June 13th, 2012
A relatively tiny donation from the Bill & Melinda Gates Foundation has created quite a stir over the past several days. News broke that Clemson U. had late last year obtained a nearly half million dollar grant from the foundation to conduct a pilot study with Galvanic Skin Response (GSR) bracelets, wireless sensors that track physiological reactions, in schools. The idea supposedly was that children would wear these biometric bracelets in classrooms to measure their engagement. What made this grant even more polarizing was the notion that the bracelets were in fact tools that would evaluate teachers’ effectiveness.
So what are these bracelets for? According to the foundation, they are intended to “help students and teachers gain a better understanding of how and when students are most engaged in the classroom.”
Here's what the writer at Forbes had to say (and beware of wealthy people who will experiment on other people's children)):
It all sounds a bit futuristic and creepy and I would not be happy if either of my daughters were part of the study. But I, for one, will give Gates the benefit of the doubt. For starters, it’s truly a small sum in the scheme of things.
There are no easy answers when it comes to fixing education in this country. Let’s be glad that Bill Gates is at least trying, even if he makes some controversial decisions along the way.
Kind of breathtaking but you know what? We actually have some paternalistic thinking like this right in SPS (and I'll get to that when I write about student data privacy where apparently some staff members believe that some parents have fewer rights than other parents).
September 27, 2013
It would be great if our education stuff worked, but that
we won't know for probably a decade.
This was at a lecture at Harvard University (see The Answer Sheet).
Oh dear, we'll just have to wait and see. With someone else's kids but surely not Gates'.
From The Answer Sheet, November 6, 2013:
U.S. Education Secretary Arne Duncan went this week to Haiti, the most impoverished nation in the Western Hemisphere and one of the poorest in the world, and talked to education officials there about the great value in collecting data to improve schools. He was quoted by the Associated Press as saying:
"One of the many needs here are clear data systems, having transparency, knowing basic things, like how many children we have, how many schools there are, how many teachers we have. I think it’s so important that everybody be transparent and honest on the good, the bad and the ugly."Duncan, the AP also reported, visited a school where children sleep on the street (which is not unusual in a country where 80 percent of the population live in dire poverty), and saw a class packed with more than 100 seventh graders. Most of the schools in Haiti don’t have toilets, and many are without running water.
But a data system is what they need most, right, Arne?
Of course, nothing matches Duncan's remarks last week about the pushback on Common Core from "white suburban moms":
It’s fascinating to me that some of the pushback is coming from, sort of, white suburban moms who — all of a sudden — their child isn’t as brilliant as they thought they were and their school isn’t quite as good as they thought they were, and that’s pretty scary,” Duncan said. “You’ve bet your house and where you live and everything on, ‘My child’s going to be prepared.’ That can be a punch in the gut.”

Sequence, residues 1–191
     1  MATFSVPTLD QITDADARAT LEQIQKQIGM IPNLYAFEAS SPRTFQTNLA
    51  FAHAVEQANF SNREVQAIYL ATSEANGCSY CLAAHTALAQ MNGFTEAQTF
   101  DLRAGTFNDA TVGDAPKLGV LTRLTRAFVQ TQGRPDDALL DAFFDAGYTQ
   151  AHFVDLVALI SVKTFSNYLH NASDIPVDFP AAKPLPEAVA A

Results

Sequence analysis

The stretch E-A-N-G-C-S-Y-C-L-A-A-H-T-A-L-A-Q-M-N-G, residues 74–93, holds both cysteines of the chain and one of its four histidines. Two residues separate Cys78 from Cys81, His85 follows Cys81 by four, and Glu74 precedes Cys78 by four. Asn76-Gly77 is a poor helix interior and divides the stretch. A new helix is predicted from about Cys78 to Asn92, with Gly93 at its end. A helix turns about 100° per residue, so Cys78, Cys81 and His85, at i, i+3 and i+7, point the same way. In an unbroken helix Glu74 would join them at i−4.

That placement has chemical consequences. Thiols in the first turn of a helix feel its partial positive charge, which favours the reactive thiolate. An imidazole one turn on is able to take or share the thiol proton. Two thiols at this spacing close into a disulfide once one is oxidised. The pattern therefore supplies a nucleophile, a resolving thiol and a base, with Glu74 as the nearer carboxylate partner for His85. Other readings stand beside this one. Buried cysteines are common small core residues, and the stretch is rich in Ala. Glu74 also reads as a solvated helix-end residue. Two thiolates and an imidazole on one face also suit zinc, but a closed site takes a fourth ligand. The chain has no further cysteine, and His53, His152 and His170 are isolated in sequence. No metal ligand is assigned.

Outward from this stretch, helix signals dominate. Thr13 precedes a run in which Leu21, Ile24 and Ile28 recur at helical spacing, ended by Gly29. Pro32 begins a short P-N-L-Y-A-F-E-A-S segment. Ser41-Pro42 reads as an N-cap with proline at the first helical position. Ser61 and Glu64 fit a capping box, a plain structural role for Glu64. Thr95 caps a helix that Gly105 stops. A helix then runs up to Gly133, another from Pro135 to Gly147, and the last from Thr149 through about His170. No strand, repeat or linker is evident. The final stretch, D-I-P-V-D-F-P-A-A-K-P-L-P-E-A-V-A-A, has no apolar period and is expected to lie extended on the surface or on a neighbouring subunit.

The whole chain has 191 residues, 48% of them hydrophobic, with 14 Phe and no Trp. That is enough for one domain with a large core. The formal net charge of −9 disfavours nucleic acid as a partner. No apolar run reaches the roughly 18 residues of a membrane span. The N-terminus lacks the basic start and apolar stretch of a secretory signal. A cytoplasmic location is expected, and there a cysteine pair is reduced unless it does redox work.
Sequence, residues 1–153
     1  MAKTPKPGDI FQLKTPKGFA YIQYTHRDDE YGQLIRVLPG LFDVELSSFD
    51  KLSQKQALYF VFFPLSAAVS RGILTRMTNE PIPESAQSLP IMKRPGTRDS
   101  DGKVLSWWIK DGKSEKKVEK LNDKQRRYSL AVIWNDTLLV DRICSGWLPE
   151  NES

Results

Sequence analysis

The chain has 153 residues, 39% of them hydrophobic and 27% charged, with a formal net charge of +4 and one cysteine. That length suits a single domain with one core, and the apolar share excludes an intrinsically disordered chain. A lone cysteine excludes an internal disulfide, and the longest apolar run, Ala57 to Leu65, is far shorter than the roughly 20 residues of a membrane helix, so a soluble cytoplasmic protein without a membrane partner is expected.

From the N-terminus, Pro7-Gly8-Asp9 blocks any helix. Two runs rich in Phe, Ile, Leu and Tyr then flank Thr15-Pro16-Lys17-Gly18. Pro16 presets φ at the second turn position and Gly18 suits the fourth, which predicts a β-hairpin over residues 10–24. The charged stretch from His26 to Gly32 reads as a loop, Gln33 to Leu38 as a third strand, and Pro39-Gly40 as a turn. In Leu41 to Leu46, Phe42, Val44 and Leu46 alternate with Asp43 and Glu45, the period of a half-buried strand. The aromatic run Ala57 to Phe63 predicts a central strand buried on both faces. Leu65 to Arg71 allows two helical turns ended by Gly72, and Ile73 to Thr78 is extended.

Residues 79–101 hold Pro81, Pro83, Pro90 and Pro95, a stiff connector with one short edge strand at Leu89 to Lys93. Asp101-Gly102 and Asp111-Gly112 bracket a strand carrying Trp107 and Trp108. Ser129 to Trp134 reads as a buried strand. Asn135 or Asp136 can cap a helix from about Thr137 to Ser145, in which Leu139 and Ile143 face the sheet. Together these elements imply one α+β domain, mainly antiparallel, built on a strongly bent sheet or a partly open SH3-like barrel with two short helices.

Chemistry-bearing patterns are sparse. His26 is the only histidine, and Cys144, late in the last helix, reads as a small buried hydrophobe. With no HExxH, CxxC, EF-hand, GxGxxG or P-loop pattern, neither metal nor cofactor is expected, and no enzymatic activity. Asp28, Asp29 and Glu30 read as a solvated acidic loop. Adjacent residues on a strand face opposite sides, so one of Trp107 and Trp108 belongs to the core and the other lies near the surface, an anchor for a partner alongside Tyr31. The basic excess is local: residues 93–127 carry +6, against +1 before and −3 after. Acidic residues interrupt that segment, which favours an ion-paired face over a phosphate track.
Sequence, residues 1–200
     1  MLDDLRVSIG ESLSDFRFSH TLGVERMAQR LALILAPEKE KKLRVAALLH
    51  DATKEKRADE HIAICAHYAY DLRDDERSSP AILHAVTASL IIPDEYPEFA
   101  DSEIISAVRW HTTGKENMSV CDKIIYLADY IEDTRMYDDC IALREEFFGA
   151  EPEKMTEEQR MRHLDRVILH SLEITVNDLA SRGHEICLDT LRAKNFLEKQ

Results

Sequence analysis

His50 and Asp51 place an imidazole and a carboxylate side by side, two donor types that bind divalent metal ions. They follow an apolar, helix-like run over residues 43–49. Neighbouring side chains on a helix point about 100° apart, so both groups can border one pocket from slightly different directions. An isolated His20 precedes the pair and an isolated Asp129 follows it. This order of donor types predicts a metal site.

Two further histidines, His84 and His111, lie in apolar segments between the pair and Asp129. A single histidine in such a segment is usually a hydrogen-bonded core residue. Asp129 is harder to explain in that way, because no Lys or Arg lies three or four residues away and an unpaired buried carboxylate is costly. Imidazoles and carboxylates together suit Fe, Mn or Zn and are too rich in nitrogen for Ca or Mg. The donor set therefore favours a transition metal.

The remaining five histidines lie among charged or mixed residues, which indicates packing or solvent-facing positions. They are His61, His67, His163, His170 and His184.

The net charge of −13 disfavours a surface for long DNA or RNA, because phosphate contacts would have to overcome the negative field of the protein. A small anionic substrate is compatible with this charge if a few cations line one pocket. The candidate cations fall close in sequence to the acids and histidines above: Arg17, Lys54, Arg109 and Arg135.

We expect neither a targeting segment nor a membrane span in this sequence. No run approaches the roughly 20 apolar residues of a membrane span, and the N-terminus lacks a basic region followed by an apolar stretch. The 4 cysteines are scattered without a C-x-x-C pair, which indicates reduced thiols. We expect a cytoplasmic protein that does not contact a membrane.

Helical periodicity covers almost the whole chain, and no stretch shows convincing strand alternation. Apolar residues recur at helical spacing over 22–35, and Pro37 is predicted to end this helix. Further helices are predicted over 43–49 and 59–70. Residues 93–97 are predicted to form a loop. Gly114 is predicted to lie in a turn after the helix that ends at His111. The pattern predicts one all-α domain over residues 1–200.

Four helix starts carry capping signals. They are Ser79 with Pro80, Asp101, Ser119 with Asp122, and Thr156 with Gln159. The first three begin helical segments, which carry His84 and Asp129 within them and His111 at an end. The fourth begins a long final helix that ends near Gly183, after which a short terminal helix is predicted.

He is now backpedaling - somewhat - saying his words were "clumsy."
"My point is that children from every demographic across this country need a well-rounded, world-class education, and frankly we have challenges not just in our inner cities but in our suburban areas, too, and we need to have honest conversations about that," he told CNN.
So even if your child is in what you believe to be a good school and doing well - according to your children's teachers and what you see, Duncan is still saying, all is not well.
I'm supposing in the future we'll all be able to identify those who learned under Common Core and those who did not. Families will point to the older child with sadness ("he didn't have Common Core") but brighten up at the younger one who did.
Who are these people who seem to know so much about education?
A list of 11 "education" leaders who are running things but have never taught (From the Huffington Post): Arne Duncan, Bill Gates, Bill Coleman, Michael Bloomberg, Senator Tom Harkin, Janet Napolitano, Kevin Johnson, Wendy Kopp, Rupert Murdoch, Cory Booker, and Mark Zuckerberg.
How could they have left off Michelle Rhee? Speaking of, she and Diane Ravitch were scheduled to debate at Lehigh University in Pennsylvania in Feb. 2014. It would have been the battle of the titans. But I'll let Diane tell you what happened:
As you may recall, Rhee first demanded that we have two people on each team, then three people on each team.
I readily assented and selected a wonderful second and third for the debate.
Early on, Rhee said her second would be Rod Paige.
My choices were the Finnish educator Pasi Sahlberg (a visiting scholar at Harvard this year) and Philadelphia parent activist Helen Gym.
Rhee and I–through our agents– mutually agreed on the date.
However, the debate is off because Rhee says she cannot find a third partner.
This is the information I received from Lehigh.
I don’t know anything more, except that this debate will not happen.
I am very disappointed.
I was looking forward to it.